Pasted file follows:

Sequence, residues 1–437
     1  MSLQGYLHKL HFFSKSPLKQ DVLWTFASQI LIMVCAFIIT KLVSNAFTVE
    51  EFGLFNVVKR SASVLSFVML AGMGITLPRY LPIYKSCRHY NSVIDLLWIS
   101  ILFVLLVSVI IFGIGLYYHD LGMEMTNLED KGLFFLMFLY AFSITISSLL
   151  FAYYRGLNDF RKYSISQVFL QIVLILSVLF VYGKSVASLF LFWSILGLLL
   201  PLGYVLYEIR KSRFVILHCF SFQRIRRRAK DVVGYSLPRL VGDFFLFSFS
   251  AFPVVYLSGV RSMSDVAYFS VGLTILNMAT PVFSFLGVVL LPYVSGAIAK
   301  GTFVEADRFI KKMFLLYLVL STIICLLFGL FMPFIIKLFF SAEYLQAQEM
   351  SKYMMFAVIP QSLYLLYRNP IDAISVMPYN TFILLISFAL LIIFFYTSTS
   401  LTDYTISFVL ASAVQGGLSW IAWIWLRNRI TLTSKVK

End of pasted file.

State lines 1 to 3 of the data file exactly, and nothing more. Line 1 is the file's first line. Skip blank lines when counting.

Sequence, residues 1–437
     1  MSLQGYLHKL HFFSKSPLKQ DVLWTFASQI LIMVCAFIIT KLVSNAFTVE
    51  EFGLFNVVKR SASVLSFVML AGMGITLPRY LPIYKSCRHY NSVIDLLWIS